As Dry January has come to an end, we thought it appropriate to remind employers of their obligations regarding drug & alcohol misuse in the workplace.
Dry January has been a hot topic since the start of 2017, and with health specialists raving about the benefits of staying dry for January it’s a wonder why we drink alcohol at all! With 79% of participants saving money, 62% having better sleep and more energy, and 49% losing weight it seems the perfect way to kick start your new year. Registering to take part in this epic task has raises huge funds annually which are helping to tackle the harm caused by alcohol to individuals, families and society – an investment that is greatly appreciated by all affected.
Whilst Dry January receives huge investment from donations, the obligations of employers in the workplace to deal with drug & alcohol misuse is an area which often gets little investment from businesses and is commonly overlooked when developing policies and practices. This can lead to negligence on the employers’ part. Employers have legal obligations under the Health & Safety at Work Act 1974, The Transport and Works Act 1992 and The Misuse of Drugs Act 1971.
Under the Transport and Works Act drivers of road vehicles must not be under the influence of drugs and alcohol while driving, attempting to drive or when they are in charge of a vehicle.
It is a criminal offence under the Misuse of Drugs Act for any person knowingly to permit the production, supply or use of controlled substances on their premises except in certain specified circumstances.
Within the workplace some organisation now treat drug and alcohol dependence as an illness and frame policies aimed at rehabilitation. This approach can encourage employees to seek treatment. However, drugs differ from alcohol as use is generally not socially acceptable and is often illegal. Some drugs can more rapidly affect physical and mental health than alcohol, so the earlier the problem can be dealt with, the greater chance there is of rehabilitation.
When considering the development of your Drug & Alcohol Policy, it should be designed to be used to ensure problems are dealt with effectively, and consistently and early on in the process. They should protect workers and encourage sufferers to seek help. An education programme for managers is particularly important: it could include details of signs to look for, how to deal with workers who seek help, and where expert advice and help may be obtained. Being able to direct your workers to help is an important step. This may help them to recognise the dangers of alcohol, drug and other substance misuse and encourage them to seek help. It may also persuade your management and staff that covering up for someone with a drugs problem is not in that person’s long-term interests. Taking part in regular fundraising activies like Dry January can be a great tool for raising additional awareness.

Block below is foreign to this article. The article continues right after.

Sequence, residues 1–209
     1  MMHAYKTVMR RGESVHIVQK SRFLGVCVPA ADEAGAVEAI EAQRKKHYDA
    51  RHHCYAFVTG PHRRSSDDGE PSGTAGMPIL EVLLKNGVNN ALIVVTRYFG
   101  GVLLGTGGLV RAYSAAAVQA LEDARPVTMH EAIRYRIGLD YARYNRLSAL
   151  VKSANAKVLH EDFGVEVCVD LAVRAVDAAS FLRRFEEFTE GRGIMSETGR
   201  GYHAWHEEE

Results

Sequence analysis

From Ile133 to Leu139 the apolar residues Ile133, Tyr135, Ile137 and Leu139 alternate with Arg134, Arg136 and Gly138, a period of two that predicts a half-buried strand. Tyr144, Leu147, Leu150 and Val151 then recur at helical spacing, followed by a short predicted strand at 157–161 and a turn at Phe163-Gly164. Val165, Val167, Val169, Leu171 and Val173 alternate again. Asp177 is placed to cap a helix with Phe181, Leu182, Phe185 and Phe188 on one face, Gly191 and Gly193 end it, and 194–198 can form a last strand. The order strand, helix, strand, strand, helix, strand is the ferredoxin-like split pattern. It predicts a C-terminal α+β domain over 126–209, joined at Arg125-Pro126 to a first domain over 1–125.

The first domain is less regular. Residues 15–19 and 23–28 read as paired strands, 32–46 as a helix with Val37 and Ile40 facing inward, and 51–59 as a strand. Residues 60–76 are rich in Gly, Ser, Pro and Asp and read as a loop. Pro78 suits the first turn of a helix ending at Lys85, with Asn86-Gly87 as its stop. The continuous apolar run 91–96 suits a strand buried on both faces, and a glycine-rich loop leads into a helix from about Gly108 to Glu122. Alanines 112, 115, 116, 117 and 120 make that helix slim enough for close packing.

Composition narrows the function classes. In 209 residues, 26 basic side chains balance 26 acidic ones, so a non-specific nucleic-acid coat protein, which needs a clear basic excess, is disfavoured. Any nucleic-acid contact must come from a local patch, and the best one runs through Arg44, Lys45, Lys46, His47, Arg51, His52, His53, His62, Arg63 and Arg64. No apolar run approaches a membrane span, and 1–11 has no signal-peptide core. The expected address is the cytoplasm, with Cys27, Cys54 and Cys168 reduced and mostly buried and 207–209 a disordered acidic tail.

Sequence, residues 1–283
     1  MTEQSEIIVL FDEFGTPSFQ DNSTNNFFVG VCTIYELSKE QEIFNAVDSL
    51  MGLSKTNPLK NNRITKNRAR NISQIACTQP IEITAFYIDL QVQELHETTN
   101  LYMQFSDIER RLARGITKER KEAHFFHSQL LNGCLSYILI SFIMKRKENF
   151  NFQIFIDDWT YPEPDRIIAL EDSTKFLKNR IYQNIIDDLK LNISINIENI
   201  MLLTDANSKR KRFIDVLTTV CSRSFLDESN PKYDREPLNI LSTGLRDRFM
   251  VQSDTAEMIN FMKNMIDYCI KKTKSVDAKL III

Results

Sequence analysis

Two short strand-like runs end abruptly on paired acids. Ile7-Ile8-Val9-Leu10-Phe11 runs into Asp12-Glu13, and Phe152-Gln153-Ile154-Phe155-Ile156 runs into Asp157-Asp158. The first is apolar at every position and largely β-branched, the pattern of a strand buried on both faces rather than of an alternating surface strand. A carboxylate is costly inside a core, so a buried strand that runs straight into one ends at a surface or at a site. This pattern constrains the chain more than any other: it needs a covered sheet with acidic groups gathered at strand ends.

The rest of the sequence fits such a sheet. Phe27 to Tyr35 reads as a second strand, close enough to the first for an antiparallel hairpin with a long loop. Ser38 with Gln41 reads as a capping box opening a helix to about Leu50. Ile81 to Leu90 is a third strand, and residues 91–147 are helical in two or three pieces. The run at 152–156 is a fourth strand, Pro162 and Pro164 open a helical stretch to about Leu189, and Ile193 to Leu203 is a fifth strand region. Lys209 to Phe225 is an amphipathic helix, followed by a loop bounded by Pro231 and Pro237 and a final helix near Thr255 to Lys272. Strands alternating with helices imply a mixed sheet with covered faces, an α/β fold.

Ultimately, being under the influence of alcohol or drugs can seriously impair an individual’s judgement and reactions leading to an increased risk of accidents and injuries occurring. Ensuring the safety of ALL employees is a fundamental requirement within the law and should also be a key focus of any Alcohol & Drug Policy.
If you are a business and seeking guidance in the development and implementation of a Drug & Alcohol Policy then C4HR have experienced & professional HR experts that can assist you. We can tailor make policies to your business to ensure you comply to legal requirements and assist in rolling out any necessary awareness training for your staff. In the meantime, we hope your business has benefitted from the increased energies of your employees during Dry January, and for those of you considering extending your alcohol free time click HERE for some extra advice.